Kiwi director Peter Jackson's highly anticipated Beatles documentary is set to land in New Zealand cinemas later this year.
The Beatles: Get Back features extensive, never-before-seen fully restored footage of the legendary band's Let It Be recording sessions along with the entire iconic rooftop concert on London's Savile Row.
The new documentary - directed by Jackson - will be released by Disney Studios in the US and Canada on September 4, with additional details and dates for the film's global release still to come.
"Working on this project has been a joyous discovery," said Jackson.
"I've been privileged to be a fly on the wall while the greatest band of all time works, plays and creates masterpieces.
"I'm thrilled that Disney have stepped up as our distributor. There's no one better to have our movie seen by the greatest number of people."
The project saw the three-time Oscar-winning filmmaker collaborate with surviving Beatles, Sir Paul McCartney and Ringo Starr.
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The new film paints a different, more positive picture of relations between the band members – John Lennon, McCartney, George Harrison and Starr - to what was previously depicted in Michael Lindsay-Hogg's original 1970 film Let It Be.
Beatles bassist and songwriter, McCartney, is pleased the film will showcase the warmth, camaraderie and humour of the recording of their 12th studio album and their final live concert as a group.
"I am really happy that Peter has delved into our archives to make a film that shows the truth about The Beatles recording together," said Sir Paul McCartney.
"The friendship and love between us comes over and reminds me of what a crazily beautiful time we had."
Drummer Starr echoed McCartney's sentiments saying: "I'm really looking forward to this film. Peter is great and it was so cool looking at all this footage.
"There was hours and hours of us just laughing and playing music, not at all like the version that came out. There was a lot of joy and I think Peter will show that. I think this version will be a lot more peace and loving, like we really were."
The Beatles: Get Back is also being made with the support of Yoko Ono Lennon and Olivia Harrison.
Compiled from over 55 hours of unseen footage, filmed by Lindsay-Hogg in 1969, and 140 hours of mostly unheard audio recordings from the Let It Be album sessions, The Beatles: Get Back is also produced by Jackson, together with Clare Olssen (They Shall Not Grow Old) and Jonathan Clyde, with Ken Kamins and Apple Corps' Jeff Jones serving as executive producers.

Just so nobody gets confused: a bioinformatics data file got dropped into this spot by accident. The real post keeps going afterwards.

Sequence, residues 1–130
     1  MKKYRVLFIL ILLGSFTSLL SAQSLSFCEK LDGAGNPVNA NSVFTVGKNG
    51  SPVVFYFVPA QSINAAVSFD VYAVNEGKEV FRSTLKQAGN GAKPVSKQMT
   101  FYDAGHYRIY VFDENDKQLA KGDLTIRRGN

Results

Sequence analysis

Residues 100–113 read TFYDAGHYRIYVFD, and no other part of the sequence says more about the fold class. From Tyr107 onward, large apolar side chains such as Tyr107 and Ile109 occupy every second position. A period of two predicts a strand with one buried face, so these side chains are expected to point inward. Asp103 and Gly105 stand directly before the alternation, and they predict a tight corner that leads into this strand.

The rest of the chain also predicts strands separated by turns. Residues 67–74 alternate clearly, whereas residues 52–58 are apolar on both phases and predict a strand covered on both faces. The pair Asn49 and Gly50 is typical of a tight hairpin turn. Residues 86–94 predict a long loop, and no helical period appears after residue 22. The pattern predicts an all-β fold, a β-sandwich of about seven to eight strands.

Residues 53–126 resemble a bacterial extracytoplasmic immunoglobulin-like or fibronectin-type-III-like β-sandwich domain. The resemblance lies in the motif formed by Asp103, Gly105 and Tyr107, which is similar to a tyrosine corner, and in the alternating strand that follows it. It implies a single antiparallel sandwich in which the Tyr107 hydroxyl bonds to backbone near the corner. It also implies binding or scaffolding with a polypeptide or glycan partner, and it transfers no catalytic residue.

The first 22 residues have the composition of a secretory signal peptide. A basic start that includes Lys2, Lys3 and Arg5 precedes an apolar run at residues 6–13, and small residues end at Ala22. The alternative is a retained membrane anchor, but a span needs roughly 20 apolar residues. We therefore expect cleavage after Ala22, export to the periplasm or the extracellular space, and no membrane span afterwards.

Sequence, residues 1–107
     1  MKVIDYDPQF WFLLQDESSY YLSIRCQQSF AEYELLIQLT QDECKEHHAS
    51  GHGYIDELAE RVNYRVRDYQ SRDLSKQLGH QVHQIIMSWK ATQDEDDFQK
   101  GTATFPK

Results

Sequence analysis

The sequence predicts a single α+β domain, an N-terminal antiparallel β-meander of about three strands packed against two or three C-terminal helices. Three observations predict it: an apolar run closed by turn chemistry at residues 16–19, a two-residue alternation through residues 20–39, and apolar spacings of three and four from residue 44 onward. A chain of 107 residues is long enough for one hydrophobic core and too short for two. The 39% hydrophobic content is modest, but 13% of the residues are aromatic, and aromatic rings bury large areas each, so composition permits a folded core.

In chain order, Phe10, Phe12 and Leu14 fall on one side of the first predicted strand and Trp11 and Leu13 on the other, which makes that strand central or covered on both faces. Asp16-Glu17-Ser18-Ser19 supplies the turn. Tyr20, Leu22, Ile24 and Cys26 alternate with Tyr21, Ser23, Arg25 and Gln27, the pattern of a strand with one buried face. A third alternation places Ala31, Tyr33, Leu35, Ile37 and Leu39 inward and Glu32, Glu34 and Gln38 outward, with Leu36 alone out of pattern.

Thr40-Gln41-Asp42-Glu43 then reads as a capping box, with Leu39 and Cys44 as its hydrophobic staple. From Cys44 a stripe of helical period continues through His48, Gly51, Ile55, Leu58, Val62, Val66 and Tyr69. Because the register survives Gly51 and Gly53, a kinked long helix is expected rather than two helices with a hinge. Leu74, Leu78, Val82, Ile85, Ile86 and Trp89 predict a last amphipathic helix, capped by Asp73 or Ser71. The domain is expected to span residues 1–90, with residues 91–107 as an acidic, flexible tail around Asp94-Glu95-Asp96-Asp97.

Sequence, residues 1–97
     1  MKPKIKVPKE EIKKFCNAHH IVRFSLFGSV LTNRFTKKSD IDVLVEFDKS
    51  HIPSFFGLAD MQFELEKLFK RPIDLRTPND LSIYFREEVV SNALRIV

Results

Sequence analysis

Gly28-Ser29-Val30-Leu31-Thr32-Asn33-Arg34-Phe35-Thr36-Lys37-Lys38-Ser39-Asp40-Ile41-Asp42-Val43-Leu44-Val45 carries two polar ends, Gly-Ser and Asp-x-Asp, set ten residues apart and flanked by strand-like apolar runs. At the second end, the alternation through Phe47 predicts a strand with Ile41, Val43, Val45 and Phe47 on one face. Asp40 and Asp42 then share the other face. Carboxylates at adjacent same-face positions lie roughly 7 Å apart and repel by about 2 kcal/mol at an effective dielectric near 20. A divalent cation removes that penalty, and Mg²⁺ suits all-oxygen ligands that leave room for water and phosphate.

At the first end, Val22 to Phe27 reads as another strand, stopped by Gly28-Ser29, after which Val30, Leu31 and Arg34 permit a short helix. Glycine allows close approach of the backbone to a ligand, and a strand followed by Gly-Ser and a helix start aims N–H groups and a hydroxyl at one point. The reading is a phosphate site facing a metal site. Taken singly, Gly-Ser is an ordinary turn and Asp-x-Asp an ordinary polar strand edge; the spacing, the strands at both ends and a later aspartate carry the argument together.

The footage has been restored by Wellington's Park Road Post Production, and is being edited by Jabez Olssen, who collaborated with Jackson on 2018's World War One documentary They Shall Not Grow Old.
The music in the film will be mixed by Giles Martin and Sam Okell at Abbey Road Studios in London.
Although the original Let It Be film and the accompanying album were filmed and recorded in January 1969, they were not released until May 1970, three weeks after The Beatles had officially broken up.
The response to the film at the time by audiences and critics alike was strongly associated with that announcement. During the 15-month gap between the filming of Let It Be and its launch, The Beatles recorded and released Abbey Road, which came out in September 1969.
Shot on 16mm and blown up to 35mm, the 80-minute Let It Be movie was built around the three weeks of filming, including an edited version of the rooftop concert. The Grammy-winning Let It Be album topped the charts in the US and the UK.
While there is no shortage of material of The Beatles' extensive touring earlier in their careers, The Beatles: Get Back features the only notable footage of the band at work in the studio, the quartet as they create their now-classic songs from scratch, laughing, bantering and playing to the camera.
Shot on January 30, 1969, The Beatles' surprise rooftop concert marked the band's first live performance in over two years and their final live set together. The footage captures interactions between the band members, reactions from fans and employees from nearby businesses, and comical attempts to stop the concert by two young London policemen responding to noise complaints.
A fully restored version of the original Let It Be film will be made available at a later date.